CRIM 4112 Contemporary Psychological Criminology 3 credits
  Group C: Criminal Justice
  CRIM 3118 White-Collar and Corporate Crime 3 credits
  CRIM 3217 Women, Crime, and Justice 3 credits
  CRIM 3249 Issues in Youth Justice 3 credits
  CRIM 4201 Community Safety and Crime Prevention 3 credits
  CRIM 4235 Minorities and the Criminal Justice System 3 credits
  Group D: Law
  CRIM 3302 Procedure and Evidence 3 credits
  CRIM 3305 Law and Society 3 credits
  CRIM 3351 Philosophy of Law 3 credits
  CRIM 3512 Mental Disorder and Canadian Law 3 credits
  CRIM 4300 Administrative and Regulatory Law 3 credits
Students must complete at least 6 credits from the following courses in the Applied category:
  CRIM 4154 Community Criminal Justice Project I 3 credits
  CRIM 4155 Community Criminal Justice Project II 6 credits
  CRIM 4800 Practicum in Criminology and Justice 12 credits
Students also must complete an additional 9 credits of criminology electives and 12 credits selected from outside criminology in arts, science, or other areas (breadth requirements).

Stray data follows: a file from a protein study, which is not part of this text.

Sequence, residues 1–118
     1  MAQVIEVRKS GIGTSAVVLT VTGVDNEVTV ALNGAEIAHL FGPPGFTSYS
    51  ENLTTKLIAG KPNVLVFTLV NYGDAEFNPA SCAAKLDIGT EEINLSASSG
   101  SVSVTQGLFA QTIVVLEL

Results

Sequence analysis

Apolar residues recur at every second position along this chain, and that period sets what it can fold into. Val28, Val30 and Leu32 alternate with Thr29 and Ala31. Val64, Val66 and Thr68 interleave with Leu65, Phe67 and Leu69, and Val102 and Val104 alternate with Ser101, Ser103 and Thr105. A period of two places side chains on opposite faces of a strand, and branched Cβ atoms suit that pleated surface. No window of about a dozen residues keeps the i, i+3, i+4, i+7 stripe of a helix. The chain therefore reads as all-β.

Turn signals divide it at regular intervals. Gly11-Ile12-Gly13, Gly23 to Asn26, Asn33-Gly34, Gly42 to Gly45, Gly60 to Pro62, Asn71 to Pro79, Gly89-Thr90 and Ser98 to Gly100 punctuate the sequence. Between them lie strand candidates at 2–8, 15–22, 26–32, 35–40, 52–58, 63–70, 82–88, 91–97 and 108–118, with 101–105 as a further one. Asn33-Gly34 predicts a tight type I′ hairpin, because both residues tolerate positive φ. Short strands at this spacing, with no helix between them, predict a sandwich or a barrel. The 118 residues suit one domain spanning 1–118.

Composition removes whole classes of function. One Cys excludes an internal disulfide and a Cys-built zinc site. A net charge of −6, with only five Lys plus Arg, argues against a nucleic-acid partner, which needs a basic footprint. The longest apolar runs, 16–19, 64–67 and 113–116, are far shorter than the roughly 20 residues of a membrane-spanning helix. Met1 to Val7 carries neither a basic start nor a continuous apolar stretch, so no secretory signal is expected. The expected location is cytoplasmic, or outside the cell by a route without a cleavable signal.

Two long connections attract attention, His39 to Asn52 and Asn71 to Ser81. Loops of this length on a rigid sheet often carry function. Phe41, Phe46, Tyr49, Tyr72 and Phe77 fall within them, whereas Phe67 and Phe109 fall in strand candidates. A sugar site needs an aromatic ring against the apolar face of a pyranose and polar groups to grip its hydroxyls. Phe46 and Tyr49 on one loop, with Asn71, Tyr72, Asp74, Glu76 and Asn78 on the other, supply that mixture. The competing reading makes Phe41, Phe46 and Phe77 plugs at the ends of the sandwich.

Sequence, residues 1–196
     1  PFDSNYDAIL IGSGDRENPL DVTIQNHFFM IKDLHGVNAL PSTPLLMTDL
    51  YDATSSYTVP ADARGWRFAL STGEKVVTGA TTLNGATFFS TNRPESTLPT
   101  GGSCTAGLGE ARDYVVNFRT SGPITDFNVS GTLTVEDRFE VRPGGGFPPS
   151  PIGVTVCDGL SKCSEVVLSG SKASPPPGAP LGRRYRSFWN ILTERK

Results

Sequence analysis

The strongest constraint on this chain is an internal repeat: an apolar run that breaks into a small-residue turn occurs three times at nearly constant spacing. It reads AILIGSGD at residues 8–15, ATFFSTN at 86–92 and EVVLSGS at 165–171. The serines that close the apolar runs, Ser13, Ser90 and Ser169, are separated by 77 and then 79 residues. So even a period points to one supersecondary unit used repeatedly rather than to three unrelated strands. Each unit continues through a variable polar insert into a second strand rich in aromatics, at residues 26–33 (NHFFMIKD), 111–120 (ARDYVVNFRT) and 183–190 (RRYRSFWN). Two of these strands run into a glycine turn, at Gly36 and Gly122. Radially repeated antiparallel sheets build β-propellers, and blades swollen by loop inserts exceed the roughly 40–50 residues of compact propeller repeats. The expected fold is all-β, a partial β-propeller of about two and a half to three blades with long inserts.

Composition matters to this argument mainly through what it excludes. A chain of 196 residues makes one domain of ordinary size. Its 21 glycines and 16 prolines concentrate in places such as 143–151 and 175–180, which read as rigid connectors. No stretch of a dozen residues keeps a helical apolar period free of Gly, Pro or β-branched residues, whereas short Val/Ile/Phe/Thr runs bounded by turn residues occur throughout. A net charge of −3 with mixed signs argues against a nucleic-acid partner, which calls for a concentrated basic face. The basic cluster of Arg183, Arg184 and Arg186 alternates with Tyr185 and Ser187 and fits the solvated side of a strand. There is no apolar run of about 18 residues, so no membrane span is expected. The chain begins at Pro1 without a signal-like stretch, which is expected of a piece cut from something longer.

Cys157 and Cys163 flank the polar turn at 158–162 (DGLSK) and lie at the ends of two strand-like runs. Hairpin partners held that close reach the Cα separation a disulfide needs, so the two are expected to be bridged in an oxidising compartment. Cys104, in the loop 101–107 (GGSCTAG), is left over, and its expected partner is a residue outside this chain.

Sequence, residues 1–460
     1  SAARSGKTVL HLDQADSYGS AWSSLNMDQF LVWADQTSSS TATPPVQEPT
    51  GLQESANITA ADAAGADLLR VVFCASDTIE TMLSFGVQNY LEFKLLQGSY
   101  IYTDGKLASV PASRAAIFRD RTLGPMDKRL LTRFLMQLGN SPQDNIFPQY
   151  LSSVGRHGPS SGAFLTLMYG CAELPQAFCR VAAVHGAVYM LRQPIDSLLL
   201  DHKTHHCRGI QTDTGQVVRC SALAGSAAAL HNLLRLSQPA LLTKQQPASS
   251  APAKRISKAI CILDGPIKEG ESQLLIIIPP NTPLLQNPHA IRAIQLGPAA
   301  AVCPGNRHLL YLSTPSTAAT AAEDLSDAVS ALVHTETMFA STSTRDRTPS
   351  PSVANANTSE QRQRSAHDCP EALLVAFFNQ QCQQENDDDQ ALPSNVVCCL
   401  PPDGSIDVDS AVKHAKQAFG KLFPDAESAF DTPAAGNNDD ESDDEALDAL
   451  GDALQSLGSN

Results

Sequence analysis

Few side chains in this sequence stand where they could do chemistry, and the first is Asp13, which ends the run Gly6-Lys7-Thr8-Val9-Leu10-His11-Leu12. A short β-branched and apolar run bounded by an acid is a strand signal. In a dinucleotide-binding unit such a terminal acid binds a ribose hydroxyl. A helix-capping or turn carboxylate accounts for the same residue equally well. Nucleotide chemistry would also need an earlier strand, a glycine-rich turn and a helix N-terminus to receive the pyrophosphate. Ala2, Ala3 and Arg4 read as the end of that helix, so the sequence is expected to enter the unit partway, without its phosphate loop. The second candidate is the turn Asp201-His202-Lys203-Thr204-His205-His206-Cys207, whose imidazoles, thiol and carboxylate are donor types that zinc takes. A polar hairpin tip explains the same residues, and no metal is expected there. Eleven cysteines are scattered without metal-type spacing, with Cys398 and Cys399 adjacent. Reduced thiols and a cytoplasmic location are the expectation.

Students must complete at least 45 credits at the 3000 or 4000 level. Depending on course selection at the CRIM 4000 level, students might require additional upper-level courses as either CRIM electives or any other electives.


In addition to the 120 credits required for the Bachelor of Arts in Community Criminal Justice, students pursuing the Bachelor of Arts in Community Criminal Justice Honours degree must complete the following additional 12 credits of course-work:

  CRIM 5000 Honours Thesis I 3 credits
  CRIM 5010 Honours Seminar 3 credits
  CRIM 5020 Honours Thesis II 6 credits